Saturday, November 21, 2009

Making pumpkin puree

One of the things I'm asked a lot, is how to process pumpkins.  Its very easy and while the whole process takes a while, it doesn't take much of your actual hands on time.  We got these pumpkins on a field trip with our wonderful nature club.  They've decorated the house for about a month and its time for them to do their part. 

First you need to wash the outside of the pumpkin.  They can get dirty and you don't want that in your food.

Then cut them in half.  This is actually harder than it looks.  The shells of pie pumpkins are very hard.  Hubby used my cleaver to whack these pumpkins for me.  We ended up with shards of pumpkin and seeds all over the place.  You then scrape the guts out.  I saved some seeds for next year's garden.  I'll show the process in another post.  The remaining seeds and insides went to the chickens, although you may want to roast the seeds.  My family isn't big on pumpkin seeds, but the chickens are.


Then lay the pumpkins cut side down in a baking pan.  I slide it in the oven and then put about a quarter of an inch of water in the pan to help them steam.  Let them bake at 350 for about 50-60 minutes.  Then pull them out and let them cool for 30 minutes so that they can be safely handled.


Scoop the flesh out and put it into the food processor or blender to break up the strings.



I then put the pureed pumpkin into a colander lined with paper towels or cheesecloth.  There is a remarkable amount of water in that pumpkin, so be sure to do this step.


Lastly, package it up.  I like to put mine in bags with 2 C of puree, the same amount in a can of pumpkin.  They can be stored in the freezer for quite a while.  Ours is usually gone by the following summer.  I got 6 cups of puree from 3 medium sized pie pumpkins.  Considering how many pumpkins will grow from just a few seeds, its not a bad option for the garden.  

9 comments:

kitsapFG said...

I have been processing about 1 pumpkin a week (on average) trying to work my way through the pile of pumpkins from our garden. Today I did a small sized one that yielded 4 cups of puree - 2 of which I used immediately to make a pumpkin pie and 2 cups that went into the freezer for future use.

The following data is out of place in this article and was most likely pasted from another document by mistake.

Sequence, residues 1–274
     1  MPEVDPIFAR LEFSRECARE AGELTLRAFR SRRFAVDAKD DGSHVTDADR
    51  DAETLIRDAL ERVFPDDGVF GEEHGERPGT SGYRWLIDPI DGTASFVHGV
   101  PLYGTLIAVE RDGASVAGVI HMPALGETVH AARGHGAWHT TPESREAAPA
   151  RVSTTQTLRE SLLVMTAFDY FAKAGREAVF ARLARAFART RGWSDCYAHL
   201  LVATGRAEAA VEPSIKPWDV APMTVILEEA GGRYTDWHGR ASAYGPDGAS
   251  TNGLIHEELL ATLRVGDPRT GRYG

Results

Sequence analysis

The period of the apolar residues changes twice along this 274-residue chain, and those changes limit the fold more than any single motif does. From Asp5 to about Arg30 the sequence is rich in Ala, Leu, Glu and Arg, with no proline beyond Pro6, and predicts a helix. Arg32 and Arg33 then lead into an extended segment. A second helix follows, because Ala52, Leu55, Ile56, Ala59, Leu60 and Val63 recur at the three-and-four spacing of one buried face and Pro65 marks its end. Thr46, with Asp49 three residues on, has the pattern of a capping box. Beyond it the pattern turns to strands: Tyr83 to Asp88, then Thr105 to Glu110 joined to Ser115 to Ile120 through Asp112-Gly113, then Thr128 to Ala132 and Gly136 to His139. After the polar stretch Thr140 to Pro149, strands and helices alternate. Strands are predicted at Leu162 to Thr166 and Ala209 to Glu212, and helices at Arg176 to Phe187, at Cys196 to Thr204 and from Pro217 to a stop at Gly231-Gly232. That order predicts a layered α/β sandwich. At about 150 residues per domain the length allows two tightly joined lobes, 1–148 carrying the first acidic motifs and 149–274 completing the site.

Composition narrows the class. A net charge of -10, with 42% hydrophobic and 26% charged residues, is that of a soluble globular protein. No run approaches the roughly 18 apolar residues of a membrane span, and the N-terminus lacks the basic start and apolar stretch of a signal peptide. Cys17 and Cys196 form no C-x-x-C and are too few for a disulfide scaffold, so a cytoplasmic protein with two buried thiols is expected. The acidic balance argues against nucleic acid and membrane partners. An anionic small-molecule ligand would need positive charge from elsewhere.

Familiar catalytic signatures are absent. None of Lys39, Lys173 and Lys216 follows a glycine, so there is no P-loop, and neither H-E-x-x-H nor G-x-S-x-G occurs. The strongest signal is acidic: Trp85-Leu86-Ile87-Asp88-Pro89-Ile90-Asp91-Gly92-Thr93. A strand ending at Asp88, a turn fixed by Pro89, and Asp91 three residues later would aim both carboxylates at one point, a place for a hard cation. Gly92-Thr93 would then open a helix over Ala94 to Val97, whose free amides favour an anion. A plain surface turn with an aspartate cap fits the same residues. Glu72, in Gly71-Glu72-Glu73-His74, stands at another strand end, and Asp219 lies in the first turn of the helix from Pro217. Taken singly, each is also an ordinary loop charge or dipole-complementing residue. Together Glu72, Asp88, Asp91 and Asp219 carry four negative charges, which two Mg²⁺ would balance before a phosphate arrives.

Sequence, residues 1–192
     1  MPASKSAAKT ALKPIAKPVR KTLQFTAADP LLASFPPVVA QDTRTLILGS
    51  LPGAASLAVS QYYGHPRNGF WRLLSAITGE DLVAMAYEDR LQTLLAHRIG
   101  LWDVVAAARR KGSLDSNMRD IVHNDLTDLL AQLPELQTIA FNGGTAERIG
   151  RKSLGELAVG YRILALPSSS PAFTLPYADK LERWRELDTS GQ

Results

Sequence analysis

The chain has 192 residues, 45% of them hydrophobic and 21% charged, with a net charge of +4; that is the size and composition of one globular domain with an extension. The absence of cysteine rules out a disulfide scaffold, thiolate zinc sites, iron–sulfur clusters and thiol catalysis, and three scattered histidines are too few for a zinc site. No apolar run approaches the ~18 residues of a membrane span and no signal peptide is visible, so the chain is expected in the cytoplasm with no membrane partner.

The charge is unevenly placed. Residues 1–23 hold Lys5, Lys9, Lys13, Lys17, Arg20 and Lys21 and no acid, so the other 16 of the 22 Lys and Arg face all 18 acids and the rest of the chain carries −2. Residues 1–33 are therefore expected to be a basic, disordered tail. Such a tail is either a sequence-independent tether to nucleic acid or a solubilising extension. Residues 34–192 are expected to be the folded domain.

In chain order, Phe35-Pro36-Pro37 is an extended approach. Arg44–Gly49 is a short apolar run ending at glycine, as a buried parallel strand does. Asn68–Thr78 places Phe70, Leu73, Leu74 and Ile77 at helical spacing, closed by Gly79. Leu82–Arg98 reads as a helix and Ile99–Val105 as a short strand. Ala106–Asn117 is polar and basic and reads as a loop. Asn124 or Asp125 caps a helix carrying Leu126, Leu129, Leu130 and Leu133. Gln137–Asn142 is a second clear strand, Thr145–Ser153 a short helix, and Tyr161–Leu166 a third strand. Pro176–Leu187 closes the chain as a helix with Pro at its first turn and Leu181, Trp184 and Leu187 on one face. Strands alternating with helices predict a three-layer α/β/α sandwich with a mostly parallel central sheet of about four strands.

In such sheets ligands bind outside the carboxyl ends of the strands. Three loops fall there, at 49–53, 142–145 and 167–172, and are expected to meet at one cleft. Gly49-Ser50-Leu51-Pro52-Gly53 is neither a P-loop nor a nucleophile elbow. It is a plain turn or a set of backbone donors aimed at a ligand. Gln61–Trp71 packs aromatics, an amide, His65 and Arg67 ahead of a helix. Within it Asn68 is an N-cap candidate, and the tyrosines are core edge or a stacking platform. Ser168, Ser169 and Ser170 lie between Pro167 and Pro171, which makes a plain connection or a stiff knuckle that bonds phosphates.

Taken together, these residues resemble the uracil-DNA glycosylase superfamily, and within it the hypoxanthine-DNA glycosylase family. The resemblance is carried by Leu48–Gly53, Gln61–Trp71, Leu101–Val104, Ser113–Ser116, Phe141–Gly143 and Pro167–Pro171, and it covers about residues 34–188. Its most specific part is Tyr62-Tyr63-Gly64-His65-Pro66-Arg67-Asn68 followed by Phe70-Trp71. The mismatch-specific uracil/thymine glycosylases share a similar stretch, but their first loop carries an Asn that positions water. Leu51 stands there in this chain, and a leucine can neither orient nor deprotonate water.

Daphne said...

I tend to store mine in the fridge in one cup increments. I have a cake recipe that calls for one cup so I use that as my measure. I finished my pumpkins and squash and now have 20 cups in the freezer. I'm really wondering if I'll get through it all in a year. I guess if I just made one pie a month I'd be fine. But it just seems like so much right now.

The Mom said...

Kitsap, we don't do lots of pie, but muffins are a big hit at my house.

Daphne, I had so many last year that I didn't grow them this year. Then in July my freezer died and I lost it all. This year mine came from a field trip to a local farm with the kids. That sure is a lot of pumpkin and squash.

Karen Sue said...

I'm kind of new to a lot of DIY food stuff. I always have liked DIY projects with power tools, but now it's kitchen power tools! and the garden. I didn't plant any pumpkins this year and don't know if I'm willing to give up that much space or if I could train them in a certain place and let them grow over an old patio type thing. I have never done anything but jack-o-lanterns with pumpkins. So I'll have to at least try someone else's pie pumpkins next year and see where I might grow some.

The Mom said...

Karen, they are very productive, but do grow everywhere. Look into trellising and you could get away with it.

Michaela Dunn Leeper said...

I just did butternut squash a week ago & posted the pictorial on my blog. I do have 3 pie punkins I need to get on. Hopefully this week.

The Mom said...

Michaela, I never think to do my butternuts like that. They usually get peeled, chunked and roasted with other veggies.

Thomas said...

Thanks for showing how this is done. I tried to make pumpkin gnocchi from homemade puree one time and it just didn't turn out right...now I know that I have to get rid of the excess water!

The Mom said...

Thomas, that should certainly help. Mmmm, pumpkin gnocchi sounds delicious.